Please read these guidelines thoroughly before sending us story pitches or manuscripts.
Cottage Life is the magazine for and about water-based cottagers. Although most of our readers are based in Ontario, we welcome stories about cottages and cottaging in other parts of Canada and the northern US as well. We publish six issues a year: April, May, June, July/August, September/October, and Winter. Our annual boating section is included in the May issue.
The magazine has a strong service slant, combining useful “how-to” journalism with coverage of the people, trends, and issues in cottage country. We run columns and shorter features on subjects such as boating, building projects, cottage design and architecture, nature, personal cottage experience, and environmental, political, and financial issues of concern to cottagers. Depending on the subject, these can be anywhere from 1,000 to 1,800 words long. Our front-of-the-book department, Waterfront, features short news, humour, human interest, and service items, with a maximum length of 250 words. (If you have not previously written for the magazine, Waterfront is an excellent place to break into the book.) Major features range from 1,500 to 3,500 words and cover every aspect of cottage living—including profiles of cottagers, cottages, and cottage communities, investigations of relevant environmental and political issues, and in-depth service pieces that help readers solve common cottage problems. The magazine does not publish poetry or fiction. The fee varies with the length and complexity of the story, and the writer’s experience. Rates range from $75–$250 for Waterfront items; $750–$2,000 for columns; and $1,800 to about $4,000 for features. The editor and writer will agree on the fee when the story is assigned.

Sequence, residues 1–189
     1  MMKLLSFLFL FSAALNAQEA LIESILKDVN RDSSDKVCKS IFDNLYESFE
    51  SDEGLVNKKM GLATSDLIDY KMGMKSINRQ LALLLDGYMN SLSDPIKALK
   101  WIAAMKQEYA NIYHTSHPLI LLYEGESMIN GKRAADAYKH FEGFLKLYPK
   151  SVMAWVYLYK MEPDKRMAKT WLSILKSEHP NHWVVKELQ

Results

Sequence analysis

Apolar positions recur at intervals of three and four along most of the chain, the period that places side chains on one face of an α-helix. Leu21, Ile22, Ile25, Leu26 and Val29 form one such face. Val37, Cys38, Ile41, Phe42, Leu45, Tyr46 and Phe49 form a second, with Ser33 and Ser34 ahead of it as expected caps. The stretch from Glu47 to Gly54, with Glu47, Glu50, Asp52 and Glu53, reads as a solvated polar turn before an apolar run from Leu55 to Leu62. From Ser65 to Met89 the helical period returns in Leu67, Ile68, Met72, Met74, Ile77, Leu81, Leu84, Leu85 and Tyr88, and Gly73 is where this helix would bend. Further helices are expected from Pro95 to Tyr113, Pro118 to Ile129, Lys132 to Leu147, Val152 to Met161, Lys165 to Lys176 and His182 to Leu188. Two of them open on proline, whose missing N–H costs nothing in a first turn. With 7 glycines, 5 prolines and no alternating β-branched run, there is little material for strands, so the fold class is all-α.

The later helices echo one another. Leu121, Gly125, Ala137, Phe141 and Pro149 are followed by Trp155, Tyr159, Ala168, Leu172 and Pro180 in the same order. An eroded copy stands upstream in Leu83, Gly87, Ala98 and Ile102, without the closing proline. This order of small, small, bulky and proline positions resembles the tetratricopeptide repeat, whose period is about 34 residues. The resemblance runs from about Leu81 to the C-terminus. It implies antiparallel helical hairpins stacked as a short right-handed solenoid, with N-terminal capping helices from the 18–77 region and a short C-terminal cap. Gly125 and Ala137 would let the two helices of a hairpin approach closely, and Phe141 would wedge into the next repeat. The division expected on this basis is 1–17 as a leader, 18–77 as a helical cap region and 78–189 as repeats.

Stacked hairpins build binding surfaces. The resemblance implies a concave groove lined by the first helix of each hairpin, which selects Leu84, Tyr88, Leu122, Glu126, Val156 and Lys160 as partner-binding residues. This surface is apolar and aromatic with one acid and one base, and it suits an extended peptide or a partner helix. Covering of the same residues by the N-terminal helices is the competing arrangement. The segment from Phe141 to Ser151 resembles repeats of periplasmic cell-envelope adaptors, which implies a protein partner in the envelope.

Cottage Life demands accurate, lively writing that demonstrates a breadth and depth of knowledge about the cottaging experience. Writers are expected to support their logic with interviews and thorough research. We’re looking for stories that are more than just good information—they must also be a good read. The only way to become familiar with Cottage Life and its style is to read a few recent issues of the magazine.